Thus, I don't think there's any question but that the resurrection of the franchise under Harlan's watch was one of the most remarkable turnabouts in NFL history. But I also must admit that I had no quarrel with the Hall of Fame first recognizing Brett Favre and Wolf for the Packers' rebirth. Plus, I believe Mike Holmgren is a worthy candidate as a coach.

That raises the question: What's the cutoff point? I consider Dallas' triumvirate of Tex Schramm, Tom Landry and Gil Brandt to be excessive for a franchise that over a 29-year period from 1960-88 won only two NFL championships. I'd also argue that the Cowboys' bigwigs had it easier starting out as an expansion franchise than Harlan and his staff did when they took over a franchise that had wallowed in mediocrity for almost a quarter-century.

Here's a question I'd raise: Should Harlan's legacy be viewed not just in the context of the NFL, but as part of a much bigger picture, that of corporate America? I'm stepping out of my sphere of knowledge here, but how many corporate leaders since World War II other than Lee Iacocca with the Chrysler Corporation have rescued companies on the verge of ruin, especially in such a high-profile business?

Viewing Harlan's achievements through that lens of history would enhance his case, I believe.

David from Fort Wayne, IN

What's the actual "official" birthday of the Packers? I keep finding different dates. Even the Packers' website has conflicting information.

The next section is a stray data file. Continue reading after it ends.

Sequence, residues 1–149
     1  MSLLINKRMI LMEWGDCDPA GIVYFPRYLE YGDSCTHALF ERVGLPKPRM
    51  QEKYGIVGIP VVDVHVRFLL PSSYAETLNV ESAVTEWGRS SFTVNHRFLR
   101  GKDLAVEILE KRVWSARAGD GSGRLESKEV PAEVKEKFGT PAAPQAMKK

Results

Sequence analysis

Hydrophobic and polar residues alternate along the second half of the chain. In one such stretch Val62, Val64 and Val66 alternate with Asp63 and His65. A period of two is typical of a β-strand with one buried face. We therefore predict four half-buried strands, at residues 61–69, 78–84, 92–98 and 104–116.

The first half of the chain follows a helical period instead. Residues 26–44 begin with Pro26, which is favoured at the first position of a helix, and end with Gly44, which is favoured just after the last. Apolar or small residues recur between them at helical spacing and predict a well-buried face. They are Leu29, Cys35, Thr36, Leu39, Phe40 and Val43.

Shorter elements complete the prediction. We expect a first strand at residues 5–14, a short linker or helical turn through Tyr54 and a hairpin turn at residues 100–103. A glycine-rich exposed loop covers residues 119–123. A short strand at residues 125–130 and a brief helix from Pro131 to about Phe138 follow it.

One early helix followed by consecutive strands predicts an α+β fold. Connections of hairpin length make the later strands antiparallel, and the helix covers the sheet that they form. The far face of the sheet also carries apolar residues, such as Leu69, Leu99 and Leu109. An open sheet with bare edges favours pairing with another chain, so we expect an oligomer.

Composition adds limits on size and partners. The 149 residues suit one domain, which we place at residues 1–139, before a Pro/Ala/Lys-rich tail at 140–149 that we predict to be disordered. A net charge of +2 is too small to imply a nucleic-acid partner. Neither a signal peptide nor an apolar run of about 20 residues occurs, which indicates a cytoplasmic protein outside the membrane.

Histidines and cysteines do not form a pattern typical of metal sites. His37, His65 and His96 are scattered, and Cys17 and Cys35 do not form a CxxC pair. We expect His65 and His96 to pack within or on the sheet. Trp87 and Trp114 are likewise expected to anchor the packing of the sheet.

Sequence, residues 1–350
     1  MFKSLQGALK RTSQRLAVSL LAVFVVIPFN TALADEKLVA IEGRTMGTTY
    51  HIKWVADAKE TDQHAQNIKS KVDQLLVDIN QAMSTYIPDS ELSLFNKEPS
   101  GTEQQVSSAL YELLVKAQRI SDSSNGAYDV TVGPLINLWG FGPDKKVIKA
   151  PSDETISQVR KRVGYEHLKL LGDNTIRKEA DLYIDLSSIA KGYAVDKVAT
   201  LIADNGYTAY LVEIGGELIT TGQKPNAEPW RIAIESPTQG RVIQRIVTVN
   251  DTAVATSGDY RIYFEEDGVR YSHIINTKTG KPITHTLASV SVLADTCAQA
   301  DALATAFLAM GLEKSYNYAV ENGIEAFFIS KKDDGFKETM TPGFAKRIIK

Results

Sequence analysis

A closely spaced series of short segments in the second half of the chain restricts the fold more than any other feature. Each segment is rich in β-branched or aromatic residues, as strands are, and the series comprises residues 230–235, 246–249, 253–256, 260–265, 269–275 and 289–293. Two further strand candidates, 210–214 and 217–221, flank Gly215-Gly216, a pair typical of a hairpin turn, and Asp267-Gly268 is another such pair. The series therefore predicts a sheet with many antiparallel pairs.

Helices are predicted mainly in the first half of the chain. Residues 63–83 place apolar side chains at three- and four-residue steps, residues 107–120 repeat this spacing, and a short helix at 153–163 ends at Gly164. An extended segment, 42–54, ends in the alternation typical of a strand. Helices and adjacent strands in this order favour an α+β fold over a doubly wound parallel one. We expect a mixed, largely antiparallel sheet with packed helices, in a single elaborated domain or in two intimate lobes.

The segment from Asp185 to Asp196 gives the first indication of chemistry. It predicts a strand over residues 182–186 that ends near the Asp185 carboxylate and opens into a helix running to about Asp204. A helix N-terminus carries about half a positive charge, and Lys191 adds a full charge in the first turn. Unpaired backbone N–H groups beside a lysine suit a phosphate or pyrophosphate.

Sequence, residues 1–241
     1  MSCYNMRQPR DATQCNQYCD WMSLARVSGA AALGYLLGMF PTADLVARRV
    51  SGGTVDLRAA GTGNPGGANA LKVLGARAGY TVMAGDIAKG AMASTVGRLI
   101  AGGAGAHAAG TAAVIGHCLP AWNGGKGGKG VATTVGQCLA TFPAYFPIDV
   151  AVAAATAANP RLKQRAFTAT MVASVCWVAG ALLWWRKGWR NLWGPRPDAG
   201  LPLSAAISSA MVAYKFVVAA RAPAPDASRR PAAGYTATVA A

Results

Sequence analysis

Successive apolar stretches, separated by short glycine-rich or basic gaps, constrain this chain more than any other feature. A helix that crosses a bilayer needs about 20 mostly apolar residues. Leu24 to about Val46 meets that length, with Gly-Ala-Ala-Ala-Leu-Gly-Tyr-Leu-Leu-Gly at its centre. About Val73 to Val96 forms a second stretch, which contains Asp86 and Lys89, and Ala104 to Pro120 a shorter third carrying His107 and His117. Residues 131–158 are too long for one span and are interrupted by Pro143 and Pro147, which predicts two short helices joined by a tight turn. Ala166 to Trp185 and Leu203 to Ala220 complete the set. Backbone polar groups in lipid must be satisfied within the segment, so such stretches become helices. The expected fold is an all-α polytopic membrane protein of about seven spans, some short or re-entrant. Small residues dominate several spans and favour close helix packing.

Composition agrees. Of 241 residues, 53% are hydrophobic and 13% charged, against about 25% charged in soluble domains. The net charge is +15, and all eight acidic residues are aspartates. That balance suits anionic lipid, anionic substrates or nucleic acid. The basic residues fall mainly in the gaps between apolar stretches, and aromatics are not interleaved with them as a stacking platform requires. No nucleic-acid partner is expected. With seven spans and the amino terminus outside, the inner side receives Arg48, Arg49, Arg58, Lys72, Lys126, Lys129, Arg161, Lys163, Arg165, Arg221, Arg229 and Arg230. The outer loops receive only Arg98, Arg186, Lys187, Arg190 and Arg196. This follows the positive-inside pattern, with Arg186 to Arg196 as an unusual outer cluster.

The link you sent at our website is no longer active. We've made a number of corrections to our timeline and early history over the last several years, and I believe that was one of them. But just to clarify. August 11 has been recognized as the Packers' official birthday forever or since the first organizational meeting was held on that date in 1919 on the second floor of the old Green Bay Press-Gazette building on Cherry Street in downtown Green Bay. The Press-Gazette reported on the meeting two days later, although it didn't reveal how many people were there or name any attendees. A second meeting was held on Aug. 14 and close to 25 candidates for the new team were on hand. It was at that meeting when Curly Lambeau was elected captain and George Calhoun, sports booster and city editor of the Press-Gazette, was named manager.